Both signatories to a peace deal in South Sudan have been urged to permit shipments of food aid to reach a population in danger of mass hunger.

Toby Lanzer, the United Nations' top aid official in the region, said roads and rivers must be opened for emergency relief, adding that five million of South Sudan's citizens are in need of urgent humanitarian aid.

The UN request comes after South Sudanese president Salva Kiir and rebel commander Riek Machar signed a ceasefire deal on Friday responding to growing international pressure to end ethnic fighting that has raised fears of genocide.

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The deal was made at a meeting in Ethiopia - the first time the two men had met face-to-face since violence erupted in December, following a long power struggle.

Kiir and Machar, both Christians, shook hands and prayed together. The men agreed that a transitional government offered the "best chance" to take the country towards elections next year, though there was no immediate decision on who would be part of an interim administration.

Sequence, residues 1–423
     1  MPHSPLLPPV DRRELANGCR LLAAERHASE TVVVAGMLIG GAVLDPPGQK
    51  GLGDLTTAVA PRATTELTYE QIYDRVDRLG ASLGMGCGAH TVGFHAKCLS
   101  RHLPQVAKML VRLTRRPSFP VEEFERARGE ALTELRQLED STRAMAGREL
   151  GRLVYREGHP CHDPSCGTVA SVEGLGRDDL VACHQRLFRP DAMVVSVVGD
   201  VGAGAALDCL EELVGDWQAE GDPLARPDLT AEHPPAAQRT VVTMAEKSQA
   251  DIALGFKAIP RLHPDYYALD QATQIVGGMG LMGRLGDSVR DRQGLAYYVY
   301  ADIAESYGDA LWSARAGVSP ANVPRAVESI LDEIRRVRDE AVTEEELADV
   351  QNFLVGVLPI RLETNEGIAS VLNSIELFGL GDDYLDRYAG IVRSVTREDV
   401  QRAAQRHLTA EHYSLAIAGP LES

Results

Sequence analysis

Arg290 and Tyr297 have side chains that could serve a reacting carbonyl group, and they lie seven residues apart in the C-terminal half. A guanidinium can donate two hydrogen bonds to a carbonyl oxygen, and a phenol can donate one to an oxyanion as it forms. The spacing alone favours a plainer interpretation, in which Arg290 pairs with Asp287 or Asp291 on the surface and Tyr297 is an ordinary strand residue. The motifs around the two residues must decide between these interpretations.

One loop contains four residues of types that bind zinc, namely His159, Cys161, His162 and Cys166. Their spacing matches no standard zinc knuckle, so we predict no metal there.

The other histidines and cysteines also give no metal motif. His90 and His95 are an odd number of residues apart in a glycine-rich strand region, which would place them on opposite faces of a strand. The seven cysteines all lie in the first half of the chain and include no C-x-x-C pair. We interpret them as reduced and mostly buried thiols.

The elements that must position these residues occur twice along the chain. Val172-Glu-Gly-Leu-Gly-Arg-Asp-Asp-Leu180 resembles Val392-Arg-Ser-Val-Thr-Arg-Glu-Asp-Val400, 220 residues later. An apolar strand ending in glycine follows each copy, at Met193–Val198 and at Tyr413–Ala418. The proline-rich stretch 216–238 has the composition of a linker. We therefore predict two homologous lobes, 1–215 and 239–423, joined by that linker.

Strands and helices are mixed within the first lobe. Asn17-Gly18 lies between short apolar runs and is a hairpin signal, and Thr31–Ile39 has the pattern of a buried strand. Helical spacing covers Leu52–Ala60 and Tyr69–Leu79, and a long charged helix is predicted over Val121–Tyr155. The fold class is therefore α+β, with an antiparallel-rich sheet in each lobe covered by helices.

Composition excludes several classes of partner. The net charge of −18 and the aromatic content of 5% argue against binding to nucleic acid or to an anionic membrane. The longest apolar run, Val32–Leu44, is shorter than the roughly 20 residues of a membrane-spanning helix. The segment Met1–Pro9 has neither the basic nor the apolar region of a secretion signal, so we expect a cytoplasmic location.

After the signing ceremony, Kiir said: "Now that we have come to our senses … dialogue is the only answer to whatever problem we had. We will continue to move in the right direction."

The truce was to take effect within 24 hours, with both sides agreeing to disengage their forces and refrain from any provocative actions, said Seyoum Mesfin, lead mediator from the regional Intergovernmental Authority on Development group.

In a statement, US Secretary of State John Kerry said: "The agreement to immediately stop the fighting in South Sudan and to negotiate a transitional government could mark a breakthrough for the future of South Sudan."

A previous ceasefire accord struck in January swiftly fell apart, with each side blaming the other for fighting that has exacerbated deep-rooted tensions between Kiir's ethnic Dink community and Machar's Nuer group.

Western powers had demanded a new deal. Kerry and UN Secretary-General Ban Ki-moon had both visited the country in the past week, part of a diplomatic push by regional and world leaders still haunted by Rwanda's 1994 genocide.

The US has already slapped sanctions on two commanders on opposing sides of the conflict, a sign of its growing frustration with the leaders of the world's youngest country, which declared independence from Sudan in 2011.